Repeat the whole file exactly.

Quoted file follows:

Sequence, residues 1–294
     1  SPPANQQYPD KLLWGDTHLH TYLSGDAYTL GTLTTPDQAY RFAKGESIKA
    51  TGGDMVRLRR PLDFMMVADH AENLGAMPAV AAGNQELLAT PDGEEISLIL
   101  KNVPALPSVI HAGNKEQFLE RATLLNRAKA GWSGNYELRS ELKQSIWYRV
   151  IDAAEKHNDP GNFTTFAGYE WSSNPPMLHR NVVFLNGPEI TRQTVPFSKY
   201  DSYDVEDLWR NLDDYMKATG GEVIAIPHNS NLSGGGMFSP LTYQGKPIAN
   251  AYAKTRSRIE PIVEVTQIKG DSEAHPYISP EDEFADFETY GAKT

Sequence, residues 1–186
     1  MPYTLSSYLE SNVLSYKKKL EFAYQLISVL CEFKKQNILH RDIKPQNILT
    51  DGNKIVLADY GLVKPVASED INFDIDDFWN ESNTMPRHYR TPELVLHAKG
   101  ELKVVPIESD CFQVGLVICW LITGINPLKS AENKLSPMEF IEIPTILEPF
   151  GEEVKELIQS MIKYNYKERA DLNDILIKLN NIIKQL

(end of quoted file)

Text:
Sequence, residues 1–294
     1  SPPANQQYPD KLLWGDTHLH TYLSGDAYTL GTLTTPDQAY RFAKGESIKA
    51  TGGDMVRLRR PLDFMMVADH AENLGAMPAV AAGNQELLAT PDGEEISLIL
   101  KNVPALPSVI HAGNKEQFLE RATLLNRAKA GWSGNYELRS ELKQSIWYRV
   151  IDAAEKHNDP GNFTTFAGYE WSSNPPMLHR NVVFLNGPEI TRQTVPFSKY
   201  DSYDVEDLWR NLDDYMKATG GEVIAIPHNS NLSGGGMFSP LTYQGKPIAN
   251  AYAKTRSRIE PIVEVTQIKG DSEAHPYISP EDEFADFETY GAKT

Sequence, residues 1–186
     1  MPYTLSSYLE SNVLSYKKKL EFAYQLISVL CEFKKQNILH RDIKPQNILT
    51  DGNKIVLADY GLVKPVASED INFDIDDFWN ESNTMPRHYR TPELVLHAKG
   101  ELKVVPIESD CFQVGLVICW LITGINPLKS AENKLSPMEF IEIPTILEPF
   151  GEEVKELIQS MIKYNYKERA DLNDILIKLN NIIKQL